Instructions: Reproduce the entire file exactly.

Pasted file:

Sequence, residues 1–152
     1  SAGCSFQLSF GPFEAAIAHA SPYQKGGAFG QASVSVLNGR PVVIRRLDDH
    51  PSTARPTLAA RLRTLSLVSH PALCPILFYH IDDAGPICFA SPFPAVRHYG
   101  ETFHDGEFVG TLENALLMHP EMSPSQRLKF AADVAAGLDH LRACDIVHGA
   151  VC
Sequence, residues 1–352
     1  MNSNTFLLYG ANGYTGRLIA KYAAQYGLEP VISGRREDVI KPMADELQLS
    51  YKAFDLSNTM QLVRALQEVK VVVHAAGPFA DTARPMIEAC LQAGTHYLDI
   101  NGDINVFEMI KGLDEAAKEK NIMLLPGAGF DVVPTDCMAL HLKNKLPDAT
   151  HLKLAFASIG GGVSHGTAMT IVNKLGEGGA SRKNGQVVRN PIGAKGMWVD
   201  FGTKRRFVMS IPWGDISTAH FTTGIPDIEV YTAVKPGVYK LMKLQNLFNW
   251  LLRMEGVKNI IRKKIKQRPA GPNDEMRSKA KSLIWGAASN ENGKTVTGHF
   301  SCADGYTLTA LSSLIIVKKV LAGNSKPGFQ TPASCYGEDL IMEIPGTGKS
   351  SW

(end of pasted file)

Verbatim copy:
Sequence, residues 1–152
     1  SAGCSFQLSF GPFEAAIAHA SPYQKGGAFG QASVSVLNGR PVVIRRLDDH
    51  PSTARPTLAA RLRTLSLVSH PALCPILFYH IDDAGPICFA SPFPAVRHYG
   101  ETFHDGEFVG TLENALLMHP EMSPSQRLKF AADVAAGLDH LRACDIVHGA
   151  VC
Sequence, residues 1–352
     1  MNSNTFLLYG ANGYTGRLIA KYAAQYGLEP VISGRREDVI KPMADELQLS
    51  YKAFDLSNTM QLVRALQEVK VVVHAAGPFA DTARPMIEAC LQAGTHYLDI
   101  NGDINVFEMI KGLDEAAKEK NIMLLPGAGF DVVPTDCMAL HLKNKLPDAT
   151  HLKLAFASIG GGVSHGTAMT IVNKLGEGGA SRKNGQVVRN PIGAKGMWVD
   201  FGTKRRFVMS IPWGDISTAH FTTGIPDIEV YTAVKPGVYK LMKLQNLFNW
   251  LLRMEGVKNI IRKKIKQRPA GPNDEMRSKA KSLIWGAASN ENGKTVTGHF
   301  SCADGYTLTA LSSLIIVKKV LAGNSKPGFQ TPASCYGEDL IMEIPGTGKS
   351  SW